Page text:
Inattention is a big factor in automobile crashes, according to driving accident studies, and using cell phones while driving is a major source of the inattention.
According to Matthew Sundeen, program principal with the National Conference of State Legislatures, the Virginia Tech Transportation Institute found in a study last year that "driver inattention was the primary contributing factor in most crashes, and that hand-held wireless devices were among the highest distraction related factors in crashes and were the leading distraction-related factor in near crashes."
Sundeen, writing in a research paper published last year, cites further evidence from a 2003 article published by the Harvard Center for Risk Analysis, showing that cell-phone use by drivers may cause approximately 2,600 deaths, 330,000 moderate to critical injuries and 1.5 million instances of property damage in America per year.
In 2000, however, an HCRA analysis of the risks posed by the use of cell phones while driving concluded that the risks appeared small in comparison with other dangers on the road, according to Sundeen.
Another study, conducted at the University of Utah, found that talking on a cellular phone reduced young drivers' response times so significantly that they reacted to brake lights in front of them as slowly as drivers between 65 and 74 years old. That study also found, writes Sundeen, "that all drivers who used cell phones, regardless of age, were 18 percent slower hitting their brakes, had a 12 percent greater following distance to compensate for paying less attention to road conditions, and took 17 percent longer to regain the speed they lost when they braked than drivers who did not use cell phones."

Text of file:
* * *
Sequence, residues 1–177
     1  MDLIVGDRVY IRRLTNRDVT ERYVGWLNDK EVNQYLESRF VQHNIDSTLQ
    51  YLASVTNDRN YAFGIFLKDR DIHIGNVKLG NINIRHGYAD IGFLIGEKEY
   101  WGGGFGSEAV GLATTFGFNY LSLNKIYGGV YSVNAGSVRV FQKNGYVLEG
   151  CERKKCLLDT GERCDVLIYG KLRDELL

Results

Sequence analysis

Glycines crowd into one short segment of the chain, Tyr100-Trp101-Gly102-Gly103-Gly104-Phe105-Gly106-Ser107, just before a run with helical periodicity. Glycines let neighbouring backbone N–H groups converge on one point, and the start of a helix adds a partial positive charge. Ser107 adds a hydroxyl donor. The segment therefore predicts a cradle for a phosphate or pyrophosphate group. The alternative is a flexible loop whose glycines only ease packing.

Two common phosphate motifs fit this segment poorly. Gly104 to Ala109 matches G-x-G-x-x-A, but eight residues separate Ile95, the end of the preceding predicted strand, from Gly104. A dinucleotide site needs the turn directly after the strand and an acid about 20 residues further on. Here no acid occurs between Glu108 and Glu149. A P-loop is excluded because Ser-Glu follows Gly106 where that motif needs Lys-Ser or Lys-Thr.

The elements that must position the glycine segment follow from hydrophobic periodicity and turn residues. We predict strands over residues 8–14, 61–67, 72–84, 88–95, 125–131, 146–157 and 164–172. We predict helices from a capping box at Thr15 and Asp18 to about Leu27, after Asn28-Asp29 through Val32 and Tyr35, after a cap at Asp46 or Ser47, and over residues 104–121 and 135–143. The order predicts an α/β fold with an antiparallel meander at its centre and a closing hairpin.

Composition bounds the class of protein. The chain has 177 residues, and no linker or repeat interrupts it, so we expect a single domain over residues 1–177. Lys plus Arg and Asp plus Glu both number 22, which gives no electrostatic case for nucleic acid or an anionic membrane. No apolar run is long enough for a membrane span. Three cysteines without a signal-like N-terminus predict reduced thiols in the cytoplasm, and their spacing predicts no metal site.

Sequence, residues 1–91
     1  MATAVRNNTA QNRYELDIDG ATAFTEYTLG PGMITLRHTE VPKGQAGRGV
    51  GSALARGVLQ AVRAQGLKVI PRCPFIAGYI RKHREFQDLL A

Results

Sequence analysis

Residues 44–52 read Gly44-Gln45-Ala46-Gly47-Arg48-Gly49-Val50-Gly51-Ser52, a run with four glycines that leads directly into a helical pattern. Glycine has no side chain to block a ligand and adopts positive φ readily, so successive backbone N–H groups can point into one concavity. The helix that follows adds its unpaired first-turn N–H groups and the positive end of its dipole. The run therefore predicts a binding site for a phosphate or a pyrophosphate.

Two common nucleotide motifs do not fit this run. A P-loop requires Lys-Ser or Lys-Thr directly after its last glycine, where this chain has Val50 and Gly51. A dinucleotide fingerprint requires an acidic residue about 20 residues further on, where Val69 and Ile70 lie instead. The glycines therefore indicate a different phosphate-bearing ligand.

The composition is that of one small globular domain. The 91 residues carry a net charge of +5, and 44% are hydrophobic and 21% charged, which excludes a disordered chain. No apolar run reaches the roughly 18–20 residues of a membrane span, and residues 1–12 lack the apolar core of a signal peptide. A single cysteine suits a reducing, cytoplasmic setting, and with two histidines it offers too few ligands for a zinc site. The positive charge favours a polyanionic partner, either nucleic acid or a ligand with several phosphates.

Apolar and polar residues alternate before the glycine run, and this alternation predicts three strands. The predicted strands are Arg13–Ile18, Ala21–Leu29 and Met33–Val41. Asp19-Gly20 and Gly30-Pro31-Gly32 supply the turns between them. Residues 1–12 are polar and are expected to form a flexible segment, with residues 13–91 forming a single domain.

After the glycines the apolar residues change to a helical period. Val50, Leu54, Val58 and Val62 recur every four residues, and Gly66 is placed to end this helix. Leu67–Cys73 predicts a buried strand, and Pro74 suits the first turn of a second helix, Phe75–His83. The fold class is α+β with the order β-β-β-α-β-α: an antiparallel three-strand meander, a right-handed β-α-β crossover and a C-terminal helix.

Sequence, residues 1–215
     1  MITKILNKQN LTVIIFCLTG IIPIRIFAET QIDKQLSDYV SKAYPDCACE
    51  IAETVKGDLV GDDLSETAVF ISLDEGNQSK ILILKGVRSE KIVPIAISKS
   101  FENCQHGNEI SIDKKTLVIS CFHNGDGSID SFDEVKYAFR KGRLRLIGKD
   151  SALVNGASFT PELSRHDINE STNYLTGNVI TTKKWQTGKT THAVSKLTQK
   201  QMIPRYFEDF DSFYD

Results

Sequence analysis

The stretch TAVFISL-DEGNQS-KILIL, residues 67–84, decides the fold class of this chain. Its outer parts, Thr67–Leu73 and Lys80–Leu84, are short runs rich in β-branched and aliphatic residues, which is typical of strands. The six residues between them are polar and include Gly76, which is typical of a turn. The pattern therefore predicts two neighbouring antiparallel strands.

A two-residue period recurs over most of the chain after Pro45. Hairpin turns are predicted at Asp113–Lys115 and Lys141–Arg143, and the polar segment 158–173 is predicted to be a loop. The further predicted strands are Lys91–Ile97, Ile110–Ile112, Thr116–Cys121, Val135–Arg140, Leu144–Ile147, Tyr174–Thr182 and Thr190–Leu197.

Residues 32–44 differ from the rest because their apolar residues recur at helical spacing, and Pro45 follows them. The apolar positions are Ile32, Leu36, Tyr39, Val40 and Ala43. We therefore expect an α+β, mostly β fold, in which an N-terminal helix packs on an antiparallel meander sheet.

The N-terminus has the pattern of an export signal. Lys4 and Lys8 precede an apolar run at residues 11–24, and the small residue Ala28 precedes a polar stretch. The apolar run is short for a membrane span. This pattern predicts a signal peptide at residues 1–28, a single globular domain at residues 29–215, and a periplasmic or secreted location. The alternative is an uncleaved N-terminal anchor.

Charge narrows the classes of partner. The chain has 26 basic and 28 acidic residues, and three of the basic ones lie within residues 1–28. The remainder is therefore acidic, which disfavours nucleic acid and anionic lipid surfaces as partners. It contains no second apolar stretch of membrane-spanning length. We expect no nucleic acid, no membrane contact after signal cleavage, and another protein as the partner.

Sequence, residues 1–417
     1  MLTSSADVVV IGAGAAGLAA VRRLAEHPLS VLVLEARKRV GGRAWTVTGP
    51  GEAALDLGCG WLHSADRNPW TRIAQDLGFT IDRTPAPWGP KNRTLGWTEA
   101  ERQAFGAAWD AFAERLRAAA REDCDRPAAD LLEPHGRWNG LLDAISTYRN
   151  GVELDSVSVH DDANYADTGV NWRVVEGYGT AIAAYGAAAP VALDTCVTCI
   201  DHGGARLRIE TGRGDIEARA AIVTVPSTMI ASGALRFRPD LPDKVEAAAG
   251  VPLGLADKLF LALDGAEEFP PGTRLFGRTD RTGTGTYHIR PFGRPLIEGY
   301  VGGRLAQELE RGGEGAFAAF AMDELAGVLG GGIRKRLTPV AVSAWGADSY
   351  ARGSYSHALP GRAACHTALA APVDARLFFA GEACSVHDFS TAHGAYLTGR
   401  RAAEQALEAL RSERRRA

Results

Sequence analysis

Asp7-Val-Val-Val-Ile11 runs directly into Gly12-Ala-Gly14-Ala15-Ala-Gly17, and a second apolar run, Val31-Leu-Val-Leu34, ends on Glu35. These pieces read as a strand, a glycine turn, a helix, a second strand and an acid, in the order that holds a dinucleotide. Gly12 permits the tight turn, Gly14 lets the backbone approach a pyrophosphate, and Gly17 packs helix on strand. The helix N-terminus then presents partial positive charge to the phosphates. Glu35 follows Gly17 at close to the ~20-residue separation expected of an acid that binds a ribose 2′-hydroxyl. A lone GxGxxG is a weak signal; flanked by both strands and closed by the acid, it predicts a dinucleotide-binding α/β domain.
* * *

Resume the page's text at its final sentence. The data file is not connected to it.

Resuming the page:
In yet another study, researchers from the University of North Carolina Highway Safety Research Center found that cell phones ranked eighth in a list of distractions that caused crashes, below activities such as adjusting the radio or eating and drinking, according to Sundeen. Yet the researchers found it difficult to provide a definitive answer as to which driver distractions carry the greatest risk of crash involvement.
Sundeen writes that 33 states in 2004 considered driver-distraction laws. Only four states have laws prohibiting hand-held-phone use while driving.
December 1, 2006
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